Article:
Wednesday, March 08, 2006
Re: st: poisson
"robust specifies that the Huber/White/sandwich estimator of variance be used in place of the traditional calculation; see [U] 20.14 Obtaining robust variance estimates" which is not the same as estimating a negative binomial model, where the variance and mean of Y conditional on X are not given by the same functional form (unlike poisson models). That said, poisson models have the very nice feature of being consistent under *very* weak assumptions.
On the other hand, the fixed-effects poisson you have estimated suffers from the incidental parameters problem--you might try: . xi:i.year . xtpoisson depvar indepvar _Iyear*, fe i(id) cluster(id) robust . xtpoisson depvar indepvar _Iyear*, fe i(id) . xtnbreg depvar indepvar _Iyear*, fe i(id) and maybe you can calculate deviance statistics by hand to measure goodness-of-fit, though I'm not sure about that part. If someone else on the list has an idea on how to generalize the techniques (mentioned at -help poisson postestimation-), please chime in.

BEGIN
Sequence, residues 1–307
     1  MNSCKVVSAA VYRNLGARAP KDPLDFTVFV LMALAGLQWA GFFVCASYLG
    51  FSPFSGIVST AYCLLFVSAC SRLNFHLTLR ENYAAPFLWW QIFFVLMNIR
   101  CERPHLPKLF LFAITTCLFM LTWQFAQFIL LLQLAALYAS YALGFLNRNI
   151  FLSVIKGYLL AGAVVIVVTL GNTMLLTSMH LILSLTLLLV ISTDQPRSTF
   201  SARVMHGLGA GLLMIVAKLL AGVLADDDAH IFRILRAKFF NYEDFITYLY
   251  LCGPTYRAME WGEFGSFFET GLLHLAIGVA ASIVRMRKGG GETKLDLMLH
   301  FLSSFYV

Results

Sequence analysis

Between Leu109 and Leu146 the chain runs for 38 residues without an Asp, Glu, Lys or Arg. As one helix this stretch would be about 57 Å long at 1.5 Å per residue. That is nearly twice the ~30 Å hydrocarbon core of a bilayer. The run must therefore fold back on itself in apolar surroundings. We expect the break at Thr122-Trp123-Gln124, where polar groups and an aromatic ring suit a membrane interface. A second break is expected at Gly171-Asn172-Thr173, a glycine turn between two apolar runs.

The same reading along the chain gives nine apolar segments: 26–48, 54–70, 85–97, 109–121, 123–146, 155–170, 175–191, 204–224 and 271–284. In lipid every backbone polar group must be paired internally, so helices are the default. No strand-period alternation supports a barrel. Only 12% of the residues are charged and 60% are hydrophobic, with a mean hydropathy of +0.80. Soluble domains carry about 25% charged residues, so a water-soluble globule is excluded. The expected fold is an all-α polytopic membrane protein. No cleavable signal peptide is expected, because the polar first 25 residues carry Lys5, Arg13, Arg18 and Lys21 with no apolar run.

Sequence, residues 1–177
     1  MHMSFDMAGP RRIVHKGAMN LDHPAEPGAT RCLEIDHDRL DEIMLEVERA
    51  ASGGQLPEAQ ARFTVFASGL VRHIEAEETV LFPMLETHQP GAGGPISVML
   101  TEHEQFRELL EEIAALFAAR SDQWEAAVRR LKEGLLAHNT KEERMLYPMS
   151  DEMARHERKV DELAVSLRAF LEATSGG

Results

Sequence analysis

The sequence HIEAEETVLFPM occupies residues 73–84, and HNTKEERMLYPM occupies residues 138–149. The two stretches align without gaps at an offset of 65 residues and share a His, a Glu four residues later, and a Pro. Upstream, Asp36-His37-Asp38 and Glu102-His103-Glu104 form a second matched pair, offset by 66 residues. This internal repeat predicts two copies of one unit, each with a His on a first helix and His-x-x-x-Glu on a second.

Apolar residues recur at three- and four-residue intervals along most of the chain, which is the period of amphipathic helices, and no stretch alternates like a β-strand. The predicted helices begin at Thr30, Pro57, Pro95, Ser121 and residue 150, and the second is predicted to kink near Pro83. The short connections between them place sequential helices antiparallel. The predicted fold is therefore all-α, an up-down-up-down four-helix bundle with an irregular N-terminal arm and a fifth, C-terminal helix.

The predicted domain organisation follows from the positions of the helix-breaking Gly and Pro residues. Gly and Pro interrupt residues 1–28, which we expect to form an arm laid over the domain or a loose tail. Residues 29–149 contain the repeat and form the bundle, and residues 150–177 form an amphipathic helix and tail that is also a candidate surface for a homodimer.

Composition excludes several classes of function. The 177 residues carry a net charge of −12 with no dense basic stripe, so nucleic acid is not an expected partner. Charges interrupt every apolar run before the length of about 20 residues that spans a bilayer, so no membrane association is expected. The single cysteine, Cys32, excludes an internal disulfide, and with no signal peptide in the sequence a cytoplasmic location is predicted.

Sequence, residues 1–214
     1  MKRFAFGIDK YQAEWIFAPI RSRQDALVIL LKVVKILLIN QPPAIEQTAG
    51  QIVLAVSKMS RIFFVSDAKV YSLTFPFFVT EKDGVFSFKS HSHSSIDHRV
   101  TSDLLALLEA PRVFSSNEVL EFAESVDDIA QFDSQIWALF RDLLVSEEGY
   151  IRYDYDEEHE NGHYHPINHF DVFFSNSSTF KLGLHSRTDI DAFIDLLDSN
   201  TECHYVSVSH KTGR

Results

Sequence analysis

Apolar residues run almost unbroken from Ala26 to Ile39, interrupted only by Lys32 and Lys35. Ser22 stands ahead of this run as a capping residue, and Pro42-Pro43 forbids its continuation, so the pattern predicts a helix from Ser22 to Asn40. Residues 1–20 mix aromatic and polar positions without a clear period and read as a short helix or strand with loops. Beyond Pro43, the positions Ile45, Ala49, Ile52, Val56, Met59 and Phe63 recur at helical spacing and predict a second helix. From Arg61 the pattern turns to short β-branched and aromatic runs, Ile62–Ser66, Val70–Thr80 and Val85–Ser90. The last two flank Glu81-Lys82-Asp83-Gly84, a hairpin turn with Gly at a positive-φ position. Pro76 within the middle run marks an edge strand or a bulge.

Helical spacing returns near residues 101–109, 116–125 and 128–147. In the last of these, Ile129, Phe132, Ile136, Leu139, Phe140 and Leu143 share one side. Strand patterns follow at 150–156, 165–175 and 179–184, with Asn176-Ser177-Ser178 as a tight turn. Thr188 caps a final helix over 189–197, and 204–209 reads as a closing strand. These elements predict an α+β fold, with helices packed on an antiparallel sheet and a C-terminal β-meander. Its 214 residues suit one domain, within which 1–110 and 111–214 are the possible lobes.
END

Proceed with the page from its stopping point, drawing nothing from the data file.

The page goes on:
On 3/7/06, Scott Cunningham <firstname.lastname@example.org> wrote: > I am estimating a Poisson with fixed effects model using: > > xi:poisson depvar indepvar i.year i.id, robust > > I use the "robust" to correct the standard errors because of > overdispersion. > > Moments ago, I was looking at various poisson postestimation > commands. I ran: > > estat gof > > The chi-squared result shows the poisson is not appropriate. But > reading on, I couldn't be sure whether correcting the standard errors > for overdispersion was the correct response to the problem the > postestimation command was revealing. If the chi-squared result from > a goodness of fit result is as large as I said, but I've corrected > the standard errors for overdispersion, then should I be skeptical of > using Poisson in this situation? If so, can someone help me see the > intuition? Thanks.
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